• SumoMe

Mindy Kaling is an Emmy-nominated writer and best known as Kelly on NBC's "The Office."

Recently, comedy writer Mindy Kaling wrote a piece for Glamour magazine in which she talks about her experience/bad habit of dating boys rather than men. While the piece was written for mostly comedy, she makes some interesting differentials between the two:

Until I was 30, I dated only boys. I’ll tell you why: Men scared the sh*t out of me. Men know what they want. Men own alarm clocks. Men sleep on a mattress that isn’t on the floor. Men buy new shampoo instead of adding water to a nearly empty bottle of shampoo. Men make reservations. Men go in for a kiss without giving you some long preamble about how they’re thinking of kissing you. Men wear clothes that have never been worn by anyone else before.

OK, maybe men aren’t exactly like this. But this is what I’ve cobbled together from the handful of men I know or know of, ranging from Heathcliff Huxtable to Theodore Roosevelt to my dad. The point: Men know what they want, and that is scary.

What I was used to was boys.

Boys are adorable. Boys trail off their sentences in an appealing way. Boys get haircuts from their roommate, who “totally knows how to cut hair.” Boys can pack up their whole life and move to Brooklyn for a gig if they need to. Boys have “gigs.” Boys are broke. And when they do have money, they spend it on a trip to Colorado to see a music festival…

…At this point you might want to smack me and say: “Are you seriously just another grown woman talking about how she wants a man who isn’t afraid of commitment?” Let me explain! I’m not talking about commitment to romantic relationships. I’m talking about commitment to things—houses, jobs, neighborhoods. Paying a mortgage. When men hear women want a commitment, they think it means commitment to a romantic relationship, but that’s not it. It’s a commitment to not floating around anymore. I want a guy who is entrenched in his own life. Entrenched is awesome…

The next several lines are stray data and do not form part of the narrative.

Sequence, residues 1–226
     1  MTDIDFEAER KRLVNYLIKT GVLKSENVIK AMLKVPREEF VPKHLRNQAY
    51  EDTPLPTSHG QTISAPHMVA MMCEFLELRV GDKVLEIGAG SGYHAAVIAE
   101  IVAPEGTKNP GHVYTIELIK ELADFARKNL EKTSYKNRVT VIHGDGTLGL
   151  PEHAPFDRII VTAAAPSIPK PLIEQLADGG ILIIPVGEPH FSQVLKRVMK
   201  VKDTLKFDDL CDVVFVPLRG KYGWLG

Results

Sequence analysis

What is most poignant about this was the commitment bit. She calls it “commitment to things” where I would call it commitment to life. This is not to equate “things” with “life,” but I tend to take the view that things aren’t as important as life. We can replace things, but we can’t get a do-over on our youth–30 year old us will never have the ability to say to 20 year old us: “Hey, you should help me out and start building a foundation for your career and set yourself up to be a father because nothing is more important than fatherhood.”

Additionally, I’d like to add a third tier to Mindy’s classification. I view true fathers as a step above men. Some men are good at the things part, but seriously lack the ability to commit to (or even welcome) a family. I would argue this is perhaps the biggest source of problems in the world right now–too many boys, not enough fathers. Motherhood happens by biology, and this is a completely natural and powerful response to having a child. Fatherhood, on the other hand, is a choice. True, there’s some biological motivation there; but overall, it is far too easy for most men to walk away from their children. As such, the choice to be a father to a child should raise someone to a higher tier for their sacrifice.

Now, I know that Mindy’s article is not an ethnography by any means, but it does serve as an interesting starting point for further discussion. What do you think?